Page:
I don’t yet know what songs will linger in my memory connected to her, what the odd song on the radio might evoke, and what might cause me to randomly break down in the supermarket in six months. Music is a key component of the memory-making process (there is a reason many folks listen to music to study, and schoolkids sing songs about the solar system or presidents), and there will be songs that become inexorably linked with this moment in my life.
The Best Nanny
By Fred Feinberg
We have SO many stories about Mary, but one really stands out. We were always in awe of how diligent and responsible she was. A lot of our friends told us horror stories about Nannies who did massively irresponsible things or just didn’t show up, and we were like “Mary missed 1 and a half days in six years, and let us know well in advance… and, oh yeah, she got our phone system working again.” People would always ask how she did that, and it was fun to tell them that, well, for some reason our phone stopped working and Mary, who’d worked for the phone company, knew what the problem was. Instead of waiting for them to send someone out, SHE CLIMBED THE TELEPHONE POLE to go and correct whatever it was. We weren’t home, or we would have screamed for her to stop, but she probably wouldn’t have listened to us, just like we asked her NOT to shovel snow — “you could get hurt! that’s our job!” — but she did it anyway. But I’d always end the story with, “Oh, yeah, when she did the telephone pole thing, she was 63.” I’m almost that age, and I get winded going up two flights of stairs. We were, and still are, kind of in awe of Mary, such a unique mixture of kindness, industriousness, honesty… and fun! We hope some of her and her daughters’ qualities managed to rub off on our son.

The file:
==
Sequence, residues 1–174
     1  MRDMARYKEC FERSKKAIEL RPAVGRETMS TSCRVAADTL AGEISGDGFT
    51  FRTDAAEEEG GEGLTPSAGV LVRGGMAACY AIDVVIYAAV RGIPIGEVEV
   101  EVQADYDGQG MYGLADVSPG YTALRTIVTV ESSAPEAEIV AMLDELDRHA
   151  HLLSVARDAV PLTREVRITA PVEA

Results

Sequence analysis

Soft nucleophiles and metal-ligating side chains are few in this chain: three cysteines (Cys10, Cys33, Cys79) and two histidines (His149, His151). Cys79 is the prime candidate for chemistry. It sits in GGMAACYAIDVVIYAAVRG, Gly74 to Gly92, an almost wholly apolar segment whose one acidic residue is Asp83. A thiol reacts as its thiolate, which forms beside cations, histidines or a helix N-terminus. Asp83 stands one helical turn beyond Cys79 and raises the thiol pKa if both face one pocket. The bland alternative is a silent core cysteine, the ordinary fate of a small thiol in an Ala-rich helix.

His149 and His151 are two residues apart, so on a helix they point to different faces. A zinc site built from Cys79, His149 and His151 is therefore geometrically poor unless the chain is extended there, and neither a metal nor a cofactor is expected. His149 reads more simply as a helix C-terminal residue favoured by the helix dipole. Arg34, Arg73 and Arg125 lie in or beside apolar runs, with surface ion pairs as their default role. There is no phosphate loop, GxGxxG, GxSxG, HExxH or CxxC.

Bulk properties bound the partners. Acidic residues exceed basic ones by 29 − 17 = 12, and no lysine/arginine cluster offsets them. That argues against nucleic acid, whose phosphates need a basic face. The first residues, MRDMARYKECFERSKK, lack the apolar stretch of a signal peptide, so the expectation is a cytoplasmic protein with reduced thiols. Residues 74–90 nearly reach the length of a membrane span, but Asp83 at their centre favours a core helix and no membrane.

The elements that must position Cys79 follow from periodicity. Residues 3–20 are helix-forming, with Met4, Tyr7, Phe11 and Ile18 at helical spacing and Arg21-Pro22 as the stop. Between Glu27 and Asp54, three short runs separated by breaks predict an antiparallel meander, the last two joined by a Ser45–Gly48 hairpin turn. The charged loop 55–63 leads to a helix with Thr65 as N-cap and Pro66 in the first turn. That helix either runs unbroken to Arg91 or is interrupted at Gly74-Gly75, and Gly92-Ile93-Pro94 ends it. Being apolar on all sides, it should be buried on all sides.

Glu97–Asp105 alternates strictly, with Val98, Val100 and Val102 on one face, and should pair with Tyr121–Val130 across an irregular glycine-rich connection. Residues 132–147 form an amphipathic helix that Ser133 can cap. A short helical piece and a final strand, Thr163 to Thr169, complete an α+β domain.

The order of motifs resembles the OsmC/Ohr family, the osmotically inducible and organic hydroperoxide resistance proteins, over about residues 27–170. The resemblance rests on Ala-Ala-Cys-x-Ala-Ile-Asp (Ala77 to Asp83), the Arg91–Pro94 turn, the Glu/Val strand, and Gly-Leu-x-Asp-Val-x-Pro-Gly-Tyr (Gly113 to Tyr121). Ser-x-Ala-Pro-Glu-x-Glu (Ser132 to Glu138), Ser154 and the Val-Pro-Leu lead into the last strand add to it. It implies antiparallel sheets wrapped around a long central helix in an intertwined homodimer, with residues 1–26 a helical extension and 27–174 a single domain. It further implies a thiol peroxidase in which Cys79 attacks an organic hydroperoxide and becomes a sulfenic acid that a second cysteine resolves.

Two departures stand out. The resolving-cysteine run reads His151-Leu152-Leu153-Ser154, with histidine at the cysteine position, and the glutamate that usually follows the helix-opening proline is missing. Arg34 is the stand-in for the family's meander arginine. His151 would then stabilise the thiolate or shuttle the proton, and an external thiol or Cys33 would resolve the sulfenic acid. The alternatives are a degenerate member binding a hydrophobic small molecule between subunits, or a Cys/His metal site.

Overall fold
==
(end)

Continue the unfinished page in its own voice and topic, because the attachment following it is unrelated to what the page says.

The Last Conversation with Peter…
By Dr. Peter Bryan
I don’t know what the last conversation I am going to have with my mom is going to be.
I often wonder who in my life I have had my last conversation with. I live my life in moments and conversations, as most people do, with strange little memories sparked by objects and interactions. I can seem a bit antisocial at times (autism will do that), but I treasure many a late night conversation about old movies, feelings, or quantum physics. Still, all good things must come to an end.
There are people who have left in a permanent fashion: a broken friendship, or some fissure of philosophical, or the vitriolic departure of a lover. There is an obvious end, and no real possibility of restoration.